Our personal injury attorneys in Miami are very familiar with the challenge of proving negligence in a lawsuit can be complicated, but the doctrine of vicarious liability can ease this process considerably. In this context, vicarious liability refers to situations where the negligence of an individual is attributed to a third-party who was not driving a vehicle involved in the accident, such as an employer or minor’s parent. Many car accidents involve at-fault drivers who lack insurance or assets to pay a judgment or settlement. When situations like this arise, proof of liability of a third-party based on the theory of vicarious liability can mean the difference between being fully compensated for all injuries and needing to pay hospital bills, vehicle repair costs, and other damages out of pocket. Although vicarious liability constitutes a valuable litigation strategy for many Miami car accident victims, the specific facts of a collision can make the task of proving that a third-party should be vicariously liable extremely difficult.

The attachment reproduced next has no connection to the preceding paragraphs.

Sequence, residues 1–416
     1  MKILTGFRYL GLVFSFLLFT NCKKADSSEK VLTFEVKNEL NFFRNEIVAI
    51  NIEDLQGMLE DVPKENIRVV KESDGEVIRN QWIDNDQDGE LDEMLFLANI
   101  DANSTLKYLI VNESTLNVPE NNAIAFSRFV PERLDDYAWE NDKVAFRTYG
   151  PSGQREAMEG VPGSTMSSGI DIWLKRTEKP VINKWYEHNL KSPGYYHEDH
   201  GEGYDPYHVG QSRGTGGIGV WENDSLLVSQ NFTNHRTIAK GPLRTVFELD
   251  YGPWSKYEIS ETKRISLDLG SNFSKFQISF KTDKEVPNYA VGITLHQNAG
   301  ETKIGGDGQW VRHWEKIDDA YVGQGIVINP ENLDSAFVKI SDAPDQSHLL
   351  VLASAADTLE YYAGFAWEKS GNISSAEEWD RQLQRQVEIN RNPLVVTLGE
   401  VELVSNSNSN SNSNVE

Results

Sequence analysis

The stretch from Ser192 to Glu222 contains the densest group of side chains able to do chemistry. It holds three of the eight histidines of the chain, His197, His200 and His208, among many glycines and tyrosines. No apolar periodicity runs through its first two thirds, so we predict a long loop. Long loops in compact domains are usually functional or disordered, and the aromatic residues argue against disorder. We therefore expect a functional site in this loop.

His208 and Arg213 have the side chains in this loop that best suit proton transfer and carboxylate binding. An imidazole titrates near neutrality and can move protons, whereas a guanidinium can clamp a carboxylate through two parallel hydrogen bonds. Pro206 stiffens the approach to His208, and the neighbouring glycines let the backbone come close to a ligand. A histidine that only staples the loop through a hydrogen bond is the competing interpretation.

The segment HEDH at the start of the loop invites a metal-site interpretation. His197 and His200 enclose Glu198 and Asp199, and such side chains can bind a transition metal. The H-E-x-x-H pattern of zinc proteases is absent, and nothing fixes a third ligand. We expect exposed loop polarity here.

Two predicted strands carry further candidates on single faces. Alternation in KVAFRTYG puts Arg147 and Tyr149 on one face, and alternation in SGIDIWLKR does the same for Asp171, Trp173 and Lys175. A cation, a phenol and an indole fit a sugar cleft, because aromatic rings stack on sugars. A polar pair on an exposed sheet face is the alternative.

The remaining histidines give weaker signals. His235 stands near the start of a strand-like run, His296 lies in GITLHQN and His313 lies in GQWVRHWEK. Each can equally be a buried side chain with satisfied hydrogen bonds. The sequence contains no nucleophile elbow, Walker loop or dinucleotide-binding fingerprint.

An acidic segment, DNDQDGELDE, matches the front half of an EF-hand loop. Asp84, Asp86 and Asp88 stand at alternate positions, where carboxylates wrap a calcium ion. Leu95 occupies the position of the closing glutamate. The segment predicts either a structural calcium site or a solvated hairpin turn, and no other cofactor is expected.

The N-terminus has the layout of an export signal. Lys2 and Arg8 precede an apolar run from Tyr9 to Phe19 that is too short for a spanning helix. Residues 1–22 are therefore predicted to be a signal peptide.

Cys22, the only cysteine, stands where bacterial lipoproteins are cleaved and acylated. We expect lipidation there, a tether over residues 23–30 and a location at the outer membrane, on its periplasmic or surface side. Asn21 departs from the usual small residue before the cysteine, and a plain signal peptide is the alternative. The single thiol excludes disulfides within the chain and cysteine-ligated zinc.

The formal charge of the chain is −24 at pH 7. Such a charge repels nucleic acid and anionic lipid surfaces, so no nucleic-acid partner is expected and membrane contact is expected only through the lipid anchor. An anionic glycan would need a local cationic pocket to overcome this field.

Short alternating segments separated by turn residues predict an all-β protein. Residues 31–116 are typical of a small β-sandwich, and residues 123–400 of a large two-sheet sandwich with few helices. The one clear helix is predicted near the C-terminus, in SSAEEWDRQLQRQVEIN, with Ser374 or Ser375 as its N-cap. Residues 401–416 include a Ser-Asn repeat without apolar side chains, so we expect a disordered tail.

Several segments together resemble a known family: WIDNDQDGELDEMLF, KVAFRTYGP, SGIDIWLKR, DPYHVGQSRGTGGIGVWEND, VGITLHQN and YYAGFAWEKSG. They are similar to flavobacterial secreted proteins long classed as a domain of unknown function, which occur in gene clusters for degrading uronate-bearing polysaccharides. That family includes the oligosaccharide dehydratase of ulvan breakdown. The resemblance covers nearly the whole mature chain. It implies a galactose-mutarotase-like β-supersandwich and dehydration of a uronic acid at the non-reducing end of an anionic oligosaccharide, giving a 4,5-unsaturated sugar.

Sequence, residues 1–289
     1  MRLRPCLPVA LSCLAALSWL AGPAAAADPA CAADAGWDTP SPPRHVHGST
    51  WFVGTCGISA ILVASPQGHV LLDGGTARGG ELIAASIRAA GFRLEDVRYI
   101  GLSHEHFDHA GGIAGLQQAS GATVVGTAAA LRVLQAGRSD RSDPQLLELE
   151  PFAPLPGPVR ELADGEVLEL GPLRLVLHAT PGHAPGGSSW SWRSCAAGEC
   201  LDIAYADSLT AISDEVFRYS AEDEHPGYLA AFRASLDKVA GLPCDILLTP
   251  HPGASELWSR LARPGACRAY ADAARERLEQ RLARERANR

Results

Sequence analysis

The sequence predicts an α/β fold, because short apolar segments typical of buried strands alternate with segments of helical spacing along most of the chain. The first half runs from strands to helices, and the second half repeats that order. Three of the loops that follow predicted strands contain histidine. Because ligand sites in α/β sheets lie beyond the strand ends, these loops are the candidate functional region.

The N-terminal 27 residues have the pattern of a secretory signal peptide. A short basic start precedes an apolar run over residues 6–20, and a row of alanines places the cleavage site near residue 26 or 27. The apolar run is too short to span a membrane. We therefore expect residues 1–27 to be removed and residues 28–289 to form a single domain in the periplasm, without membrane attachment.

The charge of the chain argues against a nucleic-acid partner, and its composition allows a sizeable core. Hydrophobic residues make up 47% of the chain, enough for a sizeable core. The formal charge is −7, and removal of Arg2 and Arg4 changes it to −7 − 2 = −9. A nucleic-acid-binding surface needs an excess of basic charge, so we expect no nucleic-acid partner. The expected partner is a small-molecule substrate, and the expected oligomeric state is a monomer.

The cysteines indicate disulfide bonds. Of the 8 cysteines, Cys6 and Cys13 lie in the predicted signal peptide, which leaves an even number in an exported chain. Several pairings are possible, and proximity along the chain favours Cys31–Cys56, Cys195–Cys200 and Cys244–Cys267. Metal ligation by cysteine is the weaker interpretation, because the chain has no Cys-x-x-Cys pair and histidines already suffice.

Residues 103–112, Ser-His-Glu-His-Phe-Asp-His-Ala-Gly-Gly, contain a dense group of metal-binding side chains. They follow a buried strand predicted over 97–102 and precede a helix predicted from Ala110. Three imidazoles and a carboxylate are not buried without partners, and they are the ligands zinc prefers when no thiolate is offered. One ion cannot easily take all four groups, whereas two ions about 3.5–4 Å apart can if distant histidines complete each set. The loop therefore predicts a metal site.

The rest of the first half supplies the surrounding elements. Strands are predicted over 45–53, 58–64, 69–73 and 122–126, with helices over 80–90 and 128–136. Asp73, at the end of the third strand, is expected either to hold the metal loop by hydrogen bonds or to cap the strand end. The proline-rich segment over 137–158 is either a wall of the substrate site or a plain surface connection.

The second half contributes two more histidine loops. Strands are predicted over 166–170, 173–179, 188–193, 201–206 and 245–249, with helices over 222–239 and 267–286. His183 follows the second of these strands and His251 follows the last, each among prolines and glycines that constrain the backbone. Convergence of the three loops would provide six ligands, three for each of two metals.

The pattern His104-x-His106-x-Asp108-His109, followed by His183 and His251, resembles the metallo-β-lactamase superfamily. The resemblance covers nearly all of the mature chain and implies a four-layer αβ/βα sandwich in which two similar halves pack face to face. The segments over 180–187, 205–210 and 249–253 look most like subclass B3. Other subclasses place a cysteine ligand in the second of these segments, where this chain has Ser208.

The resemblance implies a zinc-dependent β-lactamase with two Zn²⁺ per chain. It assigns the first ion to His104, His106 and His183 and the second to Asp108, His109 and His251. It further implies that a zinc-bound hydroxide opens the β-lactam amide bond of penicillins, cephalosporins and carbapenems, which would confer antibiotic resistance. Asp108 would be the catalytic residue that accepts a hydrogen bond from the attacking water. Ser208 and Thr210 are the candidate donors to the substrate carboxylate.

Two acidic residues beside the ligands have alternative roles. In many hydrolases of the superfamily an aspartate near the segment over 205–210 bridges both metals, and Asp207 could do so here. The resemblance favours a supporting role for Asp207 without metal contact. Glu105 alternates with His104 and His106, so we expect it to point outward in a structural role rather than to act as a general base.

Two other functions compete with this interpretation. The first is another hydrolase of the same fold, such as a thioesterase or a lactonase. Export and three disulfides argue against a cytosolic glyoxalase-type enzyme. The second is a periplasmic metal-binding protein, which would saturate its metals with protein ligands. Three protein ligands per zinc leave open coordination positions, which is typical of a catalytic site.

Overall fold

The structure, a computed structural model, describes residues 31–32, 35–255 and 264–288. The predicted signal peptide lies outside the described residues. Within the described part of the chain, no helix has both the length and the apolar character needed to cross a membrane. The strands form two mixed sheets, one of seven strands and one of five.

In this blog, our personal injury attorneys review the 1st DCA decision in Depriest v. Greeson that considered the complex issue of the vicarious liability of the estate of a vehicle owner. The daughter of the car owner was operating the car at the time of the collision. She was determined to be at-fault for causing the accident. The plaintiffs, who were involved in an initial head-on collision, were waiting for assistance when the daughter collided with their vehicle. The plaintiffs contended the second impact caused further injury and vehicle damage. A lawsuit was filed against the estate of the owner of the vehicle, who was deceased at the time of the accident. Continue reading →